In a survey last year, for example, the Integrated Benefits Institute found that most physicians believe that return-to-work is therapeutic and have a good understanding of their patients' job and work requirements. However, the survey also found employers and physicians rarely communicate with each other about return-to-work solutions an area that is ripe for improvement. Providers also said that employers should be more involved in offering transitional work and assuring that work restrictions are honored.
6. You don't know how your investments in disability management impact your bottom line.
This is a clear indicator that your disability management program is falling short of achieving the outcomes that matter most to you. Your program may be succeeding in some areas, but perhaps not in those with the greatest impact on costs. One explanation for this might be that you have failed to establish outcome metrics and/or are not tracking those results carefully enough.
There are many ways that disability outcomes are measured, such as claims durations, return-to-work results and medical cost savings. Be sure you are tracking and measuring the standards that are most important to your business, and that you are being measured against appropriate benchmarks. It is important that your program have clear goals and that you are receiving regular performance reports from your disability management company. And most important, hold your program to its commitments.
7. Your medical costs are escalating as employees continually seek out-of-network providers.
A disability management program that doesn't offer access to a wide choice of network providers, lacks occupational specialists, and fails to have an effective return-to-work program, won't provide the depth of coverage or the scope of savings that most companies require. A best practice is a network portfolio that includes contracts with multiple, best-in-class national, regional and specialty networks. In addition, providers should be fluent in the language of your workers to ensure that they fully understand and adhere to treatment plans. This diversification provides broader choices for employees, and optimizes coverage for employers based on their claims history, utilization patterns, jurisdictional locations and other factors.
8. Your program's design is "one size fits all" and doesn't consider unique jurisdictional or geographic requirements and treatment variances.
Large employers with multiple locations often struggle with how to best manage treatment, utilization patterns and fee schedules that vary widely from state to state. According to a Workers' Compensation Research Institute analysis of data on claims with more than 7 days lost time, average medical costs per injury range from approximately $3,000 in Massachusetts to nearly $8,000 in Texas.2 A disability management provider that understands unique state requirements and can address these issues through targeted case management or utilization review, for instance, can greatly impact losses. For example, in Florida, where high hospital costs are a key driver, case managers might focus more aggressively on finding ways to minimize hospital stays, such as looking for outpatient care.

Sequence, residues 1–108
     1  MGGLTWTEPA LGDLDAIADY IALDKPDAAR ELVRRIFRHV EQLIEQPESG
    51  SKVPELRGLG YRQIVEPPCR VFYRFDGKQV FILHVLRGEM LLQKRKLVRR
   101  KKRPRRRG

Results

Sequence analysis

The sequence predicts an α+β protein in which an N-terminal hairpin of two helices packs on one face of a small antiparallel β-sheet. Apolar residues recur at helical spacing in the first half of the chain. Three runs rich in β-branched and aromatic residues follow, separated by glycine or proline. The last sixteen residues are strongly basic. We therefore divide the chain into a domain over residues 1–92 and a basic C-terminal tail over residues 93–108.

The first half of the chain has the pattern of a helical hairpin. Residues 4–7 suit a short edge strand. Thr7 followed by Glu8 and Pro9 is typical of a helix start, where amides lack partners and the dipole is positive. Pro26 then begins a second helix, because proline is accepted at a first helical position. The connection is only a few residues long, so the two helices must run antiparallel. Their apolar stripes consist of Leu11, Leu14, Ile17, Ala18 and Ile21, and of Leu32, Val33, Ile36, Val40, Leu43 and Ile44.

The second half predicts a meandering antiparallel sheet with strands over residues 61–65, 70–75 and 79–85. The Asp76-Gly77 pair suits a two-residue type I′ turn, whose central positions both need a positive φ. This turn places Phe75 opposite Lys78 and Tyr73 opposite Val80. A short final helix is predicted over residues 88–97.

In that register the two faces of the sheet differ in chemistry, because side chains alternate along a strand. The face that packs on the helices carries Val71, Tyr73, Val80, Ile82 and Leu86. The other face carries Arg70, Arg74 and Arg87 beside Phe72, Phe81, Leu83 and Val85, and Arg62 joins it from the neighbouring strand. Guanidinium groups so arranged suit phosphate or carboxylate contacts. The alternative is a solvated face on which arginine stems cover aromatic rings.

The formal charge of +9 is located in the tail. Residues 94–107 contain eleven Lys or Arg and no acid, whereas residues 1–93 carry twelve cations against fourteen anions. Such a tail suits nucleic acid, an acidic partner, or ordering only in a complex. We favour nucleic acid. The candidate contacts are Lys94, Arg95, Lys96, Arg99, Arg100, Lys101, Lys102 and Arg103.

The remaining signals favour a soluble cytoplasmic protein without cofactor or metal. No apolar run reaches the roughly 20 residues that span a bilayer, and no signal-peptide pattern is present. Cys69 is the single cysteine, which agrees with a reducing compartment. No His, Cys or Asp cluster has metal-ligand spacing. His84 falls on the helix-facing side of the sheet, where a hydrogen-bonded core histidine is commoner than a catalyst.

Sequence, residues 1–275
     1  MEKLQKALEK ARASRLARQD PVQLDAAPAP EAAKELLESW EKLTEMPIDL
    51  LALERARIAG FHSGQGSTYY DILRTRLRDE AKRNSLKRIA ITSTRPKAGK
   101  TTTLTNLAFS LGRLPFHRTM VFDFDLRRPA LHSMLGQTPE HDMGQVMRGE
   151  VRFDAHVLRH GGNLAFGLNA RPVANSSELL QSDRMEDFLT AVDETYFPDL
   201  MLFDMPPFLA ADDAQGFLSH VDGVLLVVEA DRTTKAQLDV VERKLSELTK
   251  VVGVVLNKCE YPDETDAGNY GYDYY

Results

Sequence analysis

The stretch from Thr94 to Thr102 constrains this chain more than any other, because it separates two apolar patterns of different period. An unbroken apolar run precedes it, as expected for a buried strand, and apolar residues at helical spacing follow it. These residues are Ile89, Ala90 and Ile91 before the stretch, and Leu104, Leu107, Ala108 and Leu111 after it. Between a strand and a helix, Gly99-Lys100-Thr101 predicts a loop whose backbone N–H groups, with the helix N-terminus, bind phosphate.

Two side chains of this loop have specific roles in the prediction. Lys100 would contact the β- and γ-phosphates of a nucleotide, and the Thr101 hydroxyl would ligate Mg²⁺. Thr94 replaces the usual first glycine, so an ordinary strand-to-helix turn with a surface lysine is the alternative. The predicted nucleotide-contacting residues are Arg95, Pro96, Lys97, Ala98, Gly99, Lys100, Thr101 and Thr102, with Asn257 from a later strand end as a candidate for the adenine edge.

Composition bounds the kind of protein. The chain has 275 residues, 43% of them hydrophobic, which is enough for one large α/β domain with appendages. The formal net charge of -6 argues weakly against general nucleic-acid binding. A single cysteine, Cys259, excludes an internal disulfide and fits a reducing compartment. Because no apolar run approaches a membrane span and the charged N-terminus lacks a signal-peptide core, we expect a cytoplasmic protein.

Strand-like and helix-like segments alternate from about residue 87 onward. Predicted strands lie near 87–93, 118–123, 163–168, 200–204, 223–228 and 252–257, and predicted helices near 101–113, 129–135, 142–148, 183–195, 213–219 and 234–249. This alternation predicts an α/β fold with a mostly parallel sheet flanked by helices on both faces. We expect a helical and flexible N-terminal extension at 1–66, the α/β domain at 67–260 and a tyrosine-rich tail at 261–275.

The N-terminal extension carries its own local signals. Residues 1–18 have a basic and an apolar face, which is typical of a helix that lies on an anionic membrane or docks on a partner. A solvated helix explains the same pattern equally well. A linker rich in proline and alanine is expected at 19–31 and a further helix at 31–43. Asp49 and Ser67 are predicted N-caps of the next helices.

9. Your disability program does not have, nor is planning to incorporate, other benefits, such as workers' compensation and health care into its disability management programs.
Many risk and benefits managers recognize the value of an integrated approach to managing work and non-work-related disabilities and health care, even if they are years away from actually integrating these programs. An Integrated Benefits Institute survey of 800 companies showed that employers expect integrated benefits to produce cost savings.Finding a disability management program that can offer a single system for reporting claims, a common return-to-work platform, and the ability to combine disability, workers' compensation and group health benefits will be essential if your company plans to move down the path toward integration.
10. Your disability management partner only calls to sell you new products, and rarely asks about your satisfaction with existing programs.
The bottom line is this: if your disability company doesn't have your best interests at heart, then perhaps you need to find one that does. If your business is growing and moving into new markets and/or industries, you'll need a disability partner that can offer more than new products, that knows your business as well as you do and can anticipate and plan for future workplace trends that will impact your results.
Fred Scardellette, vice president, Disability Management Product Development and Marketing for Intracorp, is an industry expert in disability management solutions, including case management, fee management and pre-loss management, as well as e-business and integrated disability.
1 "The Disability Experience: What Helps and Hinders Work," Intracorp-sponsored study by the Gallup Organization, February 2001
2 "The Anatomy of Workers' Compensation Medical Costs and Utilization: Trends and Interstate Comparisons, 1996-1999," (Cambridge, Mass: Workers' Compensation Research Institute, WC-02-1, February 2002)